Column orthogonality theorem
This article gives the statement, and possibly proof, of a basic fact in linear representation theory.
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This article describes an orthogonality theorem. View a list of orthogonality theorems
Let be a finite group, and be a splitting field for .
Then, consider the character table of : this is a matrix whose rows are indexed by the irreducible linear representations of over , and whose columns are indicated by the conjugacy classes of , and where the entry in row and column is the trace of where .
Then, the columns of this table are orthogonal. More explicitly, for any conjugacy classes and , pick . We get:
where varies over the characters of irreducible linear representations of .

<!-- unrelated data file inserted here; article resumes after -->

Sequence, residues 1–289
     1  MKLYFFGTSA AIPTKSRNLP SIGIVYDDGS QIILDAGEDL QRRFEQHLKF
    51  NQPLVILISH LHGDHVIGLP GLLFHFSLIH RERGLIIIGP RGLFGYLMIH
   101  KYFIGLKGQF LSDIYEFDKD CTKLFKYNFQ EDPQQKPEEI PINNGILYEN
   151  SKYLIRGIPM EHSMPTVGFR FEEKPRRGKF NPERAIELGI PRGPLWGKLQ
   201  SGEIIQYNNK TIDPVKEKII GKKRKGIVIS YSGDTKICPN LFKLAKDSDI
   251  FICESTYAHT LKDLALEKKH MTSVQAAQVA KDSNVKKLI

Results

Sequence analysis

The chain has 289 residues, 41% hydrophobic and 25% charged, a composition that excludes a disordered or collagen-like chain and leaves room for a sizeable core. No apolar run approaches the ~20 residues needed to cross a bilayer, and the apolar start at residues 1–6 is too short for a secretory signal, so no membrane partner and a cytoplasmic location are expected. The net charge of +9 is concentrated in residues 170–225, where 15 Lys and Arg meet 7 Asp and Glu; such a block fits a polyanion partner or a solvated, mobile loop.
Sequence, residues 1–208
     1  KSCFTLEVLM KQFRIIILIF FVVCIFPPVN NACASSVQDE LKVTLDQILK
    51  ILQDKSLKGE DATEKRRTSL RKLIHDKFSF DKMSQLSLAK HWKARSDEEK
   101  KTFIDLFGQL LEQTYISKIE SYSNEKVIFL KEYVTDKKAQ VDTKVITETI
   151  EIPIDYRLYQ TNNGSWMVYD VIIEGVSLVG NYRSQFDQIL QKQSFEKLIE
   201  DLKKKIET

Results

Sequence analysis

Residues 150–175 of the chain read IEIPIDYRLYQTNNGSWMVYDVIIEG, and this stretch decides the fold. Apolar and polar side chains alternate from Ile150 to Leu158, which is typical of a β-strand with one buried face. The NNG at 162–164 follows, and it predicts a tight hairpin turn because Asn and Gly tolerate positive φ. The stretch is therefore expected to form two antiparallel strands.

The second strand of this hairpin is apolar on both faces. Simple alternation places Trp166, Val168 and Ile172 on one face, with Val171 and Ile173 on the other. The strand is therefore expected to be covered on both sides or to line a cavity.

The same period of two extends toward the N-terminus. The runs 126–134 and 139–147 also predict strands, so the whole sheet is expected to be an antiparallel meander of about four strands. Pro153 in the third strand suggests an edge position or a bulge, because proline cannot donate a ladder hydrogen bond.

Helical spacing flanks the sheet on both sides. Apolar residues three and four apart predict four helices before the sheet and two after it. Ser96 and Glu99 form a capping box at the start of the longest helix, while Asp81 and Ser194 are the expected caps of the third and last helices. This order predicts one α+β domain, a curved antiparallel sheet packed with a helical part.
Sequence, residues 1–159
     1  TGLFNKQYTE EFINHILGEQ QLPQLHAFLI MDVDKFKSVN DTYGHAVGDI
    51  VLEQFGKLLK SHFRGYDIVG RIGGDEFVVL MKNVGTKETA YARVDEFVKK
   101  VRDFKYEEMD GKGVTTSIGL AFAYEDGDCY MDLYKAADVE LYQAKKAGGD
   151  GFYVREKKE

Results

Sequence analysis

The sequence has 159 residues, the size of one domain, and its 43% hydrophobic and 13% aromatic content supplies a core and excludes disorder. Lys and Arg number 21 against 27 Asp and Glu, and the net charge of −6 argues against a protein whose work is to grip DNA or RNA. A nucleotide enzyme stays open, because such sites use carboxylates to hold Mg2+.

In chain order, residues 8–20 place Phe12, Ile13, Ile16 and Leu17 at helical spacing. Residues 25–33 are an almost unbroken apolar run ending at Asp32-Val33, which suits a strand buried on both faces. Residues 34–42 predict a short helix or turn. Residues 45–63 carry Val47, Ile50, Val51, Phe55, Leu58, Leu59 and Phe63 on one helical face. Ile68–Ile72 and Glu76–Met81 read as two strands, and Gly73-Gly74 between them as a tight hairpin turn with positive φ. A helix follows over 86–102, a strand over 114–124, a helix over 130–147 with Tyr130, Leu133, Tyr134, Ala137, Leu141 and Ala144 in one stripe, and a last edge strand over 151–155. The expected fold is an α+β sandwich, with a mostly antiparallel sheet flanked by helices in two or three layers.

Further, for a single conjugacy class and :
We use the row orthogonality theorem for the sufficiently large field case. By the row orthogonality theorem, we know that the rows of the character table are pairwise orthogonal with respect to the inner product:
This, however, does not turn the character table into an orthogonal matrix. The following is true, though:
- Let be the matrix obtained from the character table, by multiplying each column by the square root of the size of the conjugacy class.
- Let be the matrix indexed by representations for rows and conjugacy classes for columns, where the entry in a given row and column is the trace of the representation of the inverse element to that column. Thus, the entry in row and column is where .
Then is the identity matrix. Transposing it, we get that is the identity matrix, and this gives us the required column orthogonality.